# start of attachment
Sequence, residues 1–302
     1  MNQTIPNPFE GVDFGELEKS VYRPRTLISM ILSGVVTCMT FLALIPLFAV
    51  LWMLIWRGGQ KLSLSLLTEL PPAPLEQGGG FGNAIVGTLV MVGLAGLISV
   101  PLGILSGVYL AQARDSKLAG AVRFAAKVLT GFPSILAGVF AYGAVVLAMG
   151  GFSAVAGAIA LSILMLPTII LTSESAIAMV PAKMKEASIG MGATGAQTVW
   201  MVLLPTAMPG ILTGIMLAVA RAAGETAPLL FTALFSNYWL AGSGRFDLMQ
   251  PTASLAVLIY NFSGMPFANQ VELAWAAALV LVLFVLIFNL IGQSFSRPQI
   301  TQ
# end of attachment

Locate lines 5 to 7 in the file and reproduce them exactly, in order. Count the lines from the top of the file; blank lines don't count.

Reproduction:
   151  GFSAVAGAIA LSILMLPTII LTSESAIAMV PAKMKEASIG MGATGAQTVW
   201  MVLLPTAMPG ILTGIMLAVA RAAGETAPLL FTALFSNYWL AGSGRFDLMQ
   251  PTASLAVLIY NFSGMPFANQ VELAWAAALV LVLFVLIFNL IGQSFSRPQI